Here’s the start of something special. Mickey started collecting music sometime around 1983 or 1984, but did not go pro until 1990. He has always played House music, but would dabble with different genres for certain gigs and people. His dad bought him his first set of turntables, but the DJing was something he was just good at, it was not planned. It was while working for Loop Records from 1991 to about 1994 that he met and began working closely with LiL John, his mentor, and Freddie Bain. Both John and Bain spun at Red Dog; Mickey joined them a couple of years later. Red Dog allowed him to hone his DJing and networking skills.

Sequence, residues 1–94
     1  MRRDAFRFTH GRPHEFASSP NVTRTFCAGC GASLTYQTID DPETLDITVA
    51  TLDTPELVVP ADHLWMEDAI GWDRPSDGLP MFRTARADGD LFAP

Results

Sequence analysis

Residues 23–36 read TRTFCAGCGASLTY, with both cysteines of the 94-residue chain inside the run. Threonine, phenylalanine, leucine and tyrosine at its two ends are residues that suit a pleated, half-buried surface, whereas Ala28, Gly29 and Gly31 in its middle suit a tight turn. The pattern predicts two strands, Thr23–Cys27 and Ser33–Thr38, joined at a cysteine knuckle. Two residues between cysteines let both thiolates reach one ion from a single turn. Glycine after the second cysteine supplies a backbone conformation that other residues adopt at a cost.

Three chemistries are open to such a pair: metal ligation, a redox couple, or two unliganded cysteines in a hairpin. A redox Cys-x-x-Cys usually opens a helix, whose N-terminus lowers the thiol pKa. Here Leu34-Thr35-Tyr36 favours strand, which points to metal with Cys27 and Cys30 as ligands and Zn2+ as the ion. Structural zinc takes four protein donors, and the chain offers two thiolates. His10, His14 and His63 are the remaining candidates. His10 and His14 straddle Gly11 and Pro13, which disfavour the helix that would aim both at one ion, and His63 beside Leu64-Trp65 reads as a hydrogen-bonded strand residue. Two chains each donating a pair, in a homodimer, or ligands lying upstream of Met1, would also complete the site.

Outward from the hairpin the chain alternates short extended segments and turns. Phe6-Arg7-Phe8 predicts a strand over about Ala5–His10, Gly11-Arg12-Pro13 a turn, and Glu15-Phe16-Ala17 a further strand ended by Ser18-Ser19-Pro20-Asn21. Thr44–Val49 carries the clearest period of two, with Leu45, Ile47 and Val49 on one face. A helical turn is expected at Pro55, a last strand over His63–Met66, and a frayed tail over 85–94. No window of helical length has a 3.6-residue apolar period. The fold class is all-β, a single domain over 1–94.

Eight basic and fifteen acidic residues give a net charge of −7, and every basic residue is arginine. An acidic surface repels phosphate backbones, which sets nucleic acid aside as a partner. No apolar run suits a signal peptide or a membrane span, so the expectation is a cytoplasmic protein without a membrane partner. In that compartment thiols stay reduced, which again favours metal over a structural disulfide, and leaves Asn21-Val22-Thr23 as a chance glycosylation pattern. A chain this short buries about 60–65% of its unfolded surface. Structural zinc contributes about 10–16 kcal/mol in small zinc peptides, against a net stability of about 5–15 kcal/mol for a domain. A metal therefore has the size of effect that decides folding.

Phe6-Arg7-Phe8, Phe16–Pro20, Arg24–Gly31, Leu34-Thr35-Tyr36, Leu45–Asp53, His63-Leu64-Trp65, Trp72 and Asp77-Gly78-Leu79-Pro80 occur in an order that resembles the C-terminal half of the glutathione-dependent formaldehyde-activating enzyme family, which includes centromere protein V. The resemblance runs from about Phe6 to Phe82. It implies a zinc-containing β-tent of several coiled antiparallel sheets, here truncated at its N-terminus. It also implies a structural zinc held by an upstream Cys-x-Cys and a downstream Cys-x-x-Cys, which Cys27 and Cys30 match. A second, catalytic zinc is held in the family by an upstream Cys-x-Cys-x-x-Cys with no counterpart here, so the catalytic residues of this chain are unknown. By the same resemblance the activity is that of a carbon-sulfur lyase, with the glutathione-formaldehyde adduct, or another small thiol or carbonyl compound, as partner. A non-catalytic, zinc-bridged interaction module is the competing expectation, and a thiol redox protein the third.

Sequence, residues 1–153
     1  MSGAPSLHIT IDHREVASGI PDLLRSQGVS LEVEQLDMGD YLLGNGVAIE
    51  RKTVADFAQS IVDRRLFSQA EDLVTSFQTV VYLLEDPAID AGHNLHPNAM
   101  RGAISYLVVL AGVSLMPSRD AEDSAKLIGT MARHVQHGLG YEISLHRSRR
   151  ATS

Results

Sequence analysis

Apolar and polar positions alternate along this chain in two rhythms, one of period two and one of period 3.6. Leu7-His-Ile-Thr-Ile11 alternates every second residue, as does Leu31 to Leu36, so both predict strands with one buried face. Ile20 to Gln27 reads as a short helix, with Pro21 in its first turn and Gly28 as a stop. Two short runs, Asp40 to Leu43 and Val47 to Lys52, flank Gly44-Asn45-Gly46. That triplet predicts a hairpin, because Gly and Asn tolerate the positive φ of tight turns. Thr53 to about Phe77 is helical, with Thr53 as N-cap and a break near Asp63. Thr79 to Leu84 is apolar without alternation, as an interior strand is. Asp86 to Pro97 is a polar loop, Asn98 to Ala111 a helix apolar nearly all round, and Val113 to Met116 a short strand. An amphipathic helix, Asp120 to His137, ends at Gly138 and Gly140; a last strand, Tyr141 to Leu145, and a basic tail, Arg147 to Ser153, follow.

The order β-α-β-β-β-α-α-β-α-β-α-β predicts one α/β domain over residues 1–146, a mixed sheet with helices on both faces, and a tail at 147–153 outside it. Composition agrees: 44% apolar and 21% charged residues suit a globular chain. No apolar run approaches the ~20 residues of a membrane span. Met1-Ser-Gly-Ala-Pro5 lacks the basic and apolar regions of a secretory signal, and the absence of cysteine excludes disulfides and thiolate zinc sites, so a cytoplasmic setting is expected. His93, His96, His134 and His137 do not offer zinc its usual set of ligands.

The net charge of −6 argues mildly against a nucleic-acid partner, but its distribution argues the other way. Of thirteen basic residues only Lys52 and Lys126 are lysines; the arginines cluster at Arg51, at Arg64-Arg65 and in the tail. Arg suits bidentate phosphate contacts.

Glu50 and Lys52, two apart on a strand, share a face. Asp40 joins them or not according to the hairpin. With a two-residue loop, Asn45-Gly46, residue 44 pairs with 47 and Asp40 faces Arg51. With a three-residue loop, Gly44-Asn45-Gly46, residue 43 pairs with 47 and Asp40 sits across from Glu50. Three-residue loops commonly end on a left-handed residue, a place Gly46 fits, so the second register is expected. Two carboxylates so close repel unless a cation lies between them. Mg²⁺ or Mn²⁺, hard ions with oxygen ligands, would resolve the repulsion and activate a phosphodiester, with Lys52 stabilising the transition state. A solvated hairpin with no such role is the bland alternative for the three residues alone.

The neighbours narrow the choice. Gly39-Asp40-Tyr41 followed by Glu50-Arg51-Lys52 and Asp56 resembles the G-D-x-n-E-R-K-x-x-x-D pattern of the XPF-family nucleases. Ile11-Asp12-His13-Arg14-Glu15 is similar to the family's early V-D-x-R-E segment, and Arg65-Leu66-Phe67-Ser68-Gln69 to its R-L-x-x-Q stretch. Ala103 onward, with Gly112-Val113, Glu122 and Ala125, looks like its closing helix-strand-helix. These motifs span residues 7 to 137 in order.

Alicia’s DJing career began with the Chicago Steppers community, 17 years ago. She found the same intensity she sees with Househeads. The only difference being where that intensity is focused. For steppers, there were impassioned dance contests. The House community is simply intense with the music. You have seen them, eyes closed, carried away by the sound- hypnotic head nod and body bounce that seems to be uncontrollable. For Alicia, feeding that insatiable craving of the music lovers can be “a lot of pressure”. Mickey agrees, the “pressure comes from focusing on your crowd.” Alicia chimes in, “trying to satisfy them”. Mickey goes on to explain the challenge a DJ faces when trying to introduce new music to a crowd that could include everyone from other DJs, seasoned Househeads and newbies who just came out to hear some of their favorite party anthems and have a drink and a good time. “Some people”, he says, “haven’t heard ‘Hey Hey’ (Dennis Ferrer’s 2010 hit single) but about two times. You have to respect that.”